• 13. Is there a Cochrane Review? Is there a non-Cochrane Review? Are there any trials?
  • 14. Level of Evidence labels
  • 15. On the left is the outline – a very good way to navigate through the topic review. FOCUS here to find answers to the questions or problems.
  • 16. •Tripdatabase •Google Custom Search
  • 17.  Desktop computer  Cochrane Library  Up-to-Date  Dynamed  Clinical Evidence  Stat!-Ref  InfoRetriever  Handheld computer  InfoRetriever  PDR, Lexi-Comp Drug Database, 5-min. Clinical Consult  Low tech  Wall charts, pocket cards, and bulletin boards  Pearl books
  • 18.  Daily InfoPoem,  BMJ update,  Pub Med.
  • 19. should have a systematic & structured approach to achieve a high degree of comprehensiveness and to avoid bias in selection of studies.
  • 20. 1. Formulate clinical question(s) 2. Search for guidelines, If no relevant guidelines 3. Search for systematic reviews using: - the internet - the Cochrane Library - other databases 4. Search for primary studies using: - the Cochrane Library - Medline and EMBASE - CINAHL, BNI and MIDIRS - Science Citation Index - other databases
  • 21. •National Guidelines Clearinghouse: •Turning Research Into Practice (TRIP): •RCOG: •Guidelines in O&G: • _guidelines.htm •National Electronic Library for Health: •OMNI: (click advanced search and specify: Practice Guidelines in Resource Type) •CMA Infobase: •Guidelines and Guidelines in Practice:
  • 22. If no relevant reviews are located on the Cochrane Library the next step is to search alternative sources that summarise and appraise systematic reviews. These include the journals 1. The internet service TRIP should be searched, as it covers both UK and US evidence-based reviews as well as guidelines. 2. ACP Journal Club and Evidence Based Medicine, which are also searchable on the electronic database Best Evidence. 3. Clinical Evidence published by the BMJ is a high- quality text that should also be searched; it summarises the results of reviews and other levels of evidence to answer specific clinical questions. 4. Medline and EMBASE will also need to be searched for increased comprehensiveness.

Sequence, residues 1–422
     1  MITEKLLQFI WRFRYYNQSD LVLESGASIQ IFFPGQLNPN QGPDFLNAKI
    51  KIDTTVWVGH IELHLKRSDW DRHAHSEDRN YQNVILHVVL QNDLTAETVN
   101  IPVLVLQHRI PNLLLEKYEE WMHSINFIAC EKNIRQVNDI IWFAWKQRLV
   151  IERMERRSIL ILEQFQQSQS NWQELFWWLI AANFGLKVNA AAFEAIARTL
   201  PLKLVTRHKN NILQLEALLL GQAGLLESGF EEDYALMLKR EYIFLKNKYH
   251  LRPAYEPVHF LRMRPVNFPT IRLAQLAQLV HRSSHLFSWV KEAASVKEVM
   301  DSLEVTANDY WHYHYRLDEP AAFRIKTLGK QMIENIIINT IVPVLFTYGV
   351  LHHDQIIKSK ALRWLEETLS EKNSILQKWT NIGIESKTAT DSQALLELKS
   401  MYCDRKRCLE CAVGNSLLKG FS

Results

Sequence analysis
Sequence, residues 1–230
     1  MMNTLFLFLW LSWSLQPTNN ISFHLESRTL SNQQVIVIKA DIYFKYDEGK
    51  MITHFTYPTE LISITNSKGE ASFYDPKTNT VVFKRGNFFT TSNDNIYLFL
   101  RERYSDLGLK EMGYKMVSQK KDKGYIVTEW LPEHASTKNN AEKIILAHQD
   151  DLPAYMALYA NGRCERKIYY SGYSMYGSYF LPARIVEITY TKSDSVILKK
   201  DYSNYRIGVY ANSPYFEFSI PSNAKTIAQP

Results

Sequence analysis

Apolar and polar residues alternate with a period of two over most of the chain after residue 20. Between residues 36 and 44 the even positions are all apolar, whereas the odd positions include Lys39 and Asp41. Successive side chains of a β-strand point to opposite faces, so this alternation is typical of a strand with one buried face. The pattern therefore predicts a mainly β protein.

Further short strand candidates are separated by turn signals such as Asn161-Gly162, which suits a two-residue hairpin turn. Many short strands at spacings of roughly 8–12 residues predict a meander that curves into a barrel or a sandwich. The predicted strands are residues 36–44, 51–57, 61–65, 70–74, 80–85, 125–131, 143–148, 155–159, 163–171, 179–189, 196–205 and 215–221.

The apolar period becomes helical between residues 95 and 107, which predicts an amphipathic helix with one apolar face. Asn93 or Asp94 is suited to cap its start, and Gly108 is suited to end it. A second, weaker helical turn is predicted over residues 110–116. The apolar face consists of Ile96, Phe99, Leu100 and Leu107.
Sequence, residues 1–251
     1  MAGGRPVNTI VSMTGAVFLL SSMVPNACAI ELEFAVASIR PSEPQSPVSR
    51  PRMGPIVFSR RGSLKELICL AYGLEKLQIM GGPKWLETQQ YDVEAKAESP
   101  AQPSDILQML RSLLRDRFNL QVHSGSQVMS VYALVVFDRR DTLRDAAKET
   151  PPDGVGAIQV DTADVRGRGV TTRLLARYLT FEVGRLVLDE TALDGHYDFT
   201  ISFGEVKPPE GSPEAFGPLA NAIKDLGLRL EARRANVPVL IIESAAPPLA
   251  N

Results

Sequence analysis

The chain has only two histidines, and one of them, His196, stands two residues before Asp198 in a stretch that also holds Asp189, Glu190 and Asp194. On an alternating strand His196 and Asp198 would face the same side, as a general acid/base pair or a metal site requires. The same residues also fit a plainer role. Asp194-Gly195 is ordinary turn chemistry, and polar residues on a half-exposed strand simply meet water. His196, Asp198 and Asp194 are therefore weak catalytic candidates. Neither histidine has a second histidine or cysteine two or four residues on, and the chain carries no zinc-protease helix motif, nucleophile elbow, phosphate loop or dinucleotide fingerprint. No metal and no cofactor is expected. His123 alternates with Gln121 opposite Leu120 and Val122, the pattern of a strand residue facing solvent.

• 23. Search Cascade
  • 24.  Decide the TYPE of question (Rx, Dx, Px, …)  Chose the right database for the type of question, e.g.,  Intervention: Cochrane Library, PubMed, …  Diagnostic: Common Diagnostic Strategies (in BE), or PubMed: Clinical Queries  Prognosis, Etiology: PubMed: Clinical Queries
  • 25. •Combining Terms - AND Use AND to combine similar concepts & to narrow your search results sleep deprivation AND ICU •Use simple search terms • Check spelling • Use quotation marks around exact phrases • Use search limits
  • 26.  (Population OR synonym 1 OR …) AND  (Intervention OR synonym 1 OR …) AND  (Comparator OR synonym 1 OR …) AND  (Outcome OR synonym 1 OR …) AND  FILTER (for best study type)
  • 27.  AND = both terms  OR = either term Use OR to join terms to broaden search results ICU OR Intensive Care Unit  NOT = not this term  (ADJacent, NEAR, … = AND + close) * George Boole (a man) is claimed to have invented “logic”
  • 28.  If you want  cheese AND fruit  Which do you ask for?  cheese AND (apple OR pear OR melon)  (cheese AND apple) OR pear OR melon  What does PubMed do with if AND and OR?  Cheese AND apple OR pear  (Look at DETAILS tab)
  • 29.  Search on Title only Eg [ti] (Others are [au] - author; [so], [yr], …)  ‘Related Articles’ button (PubMed)  Previously identified study (PubMed) Look for the MeSH terms MeSH browser
  • 30. Thank you Aboubakr elnashar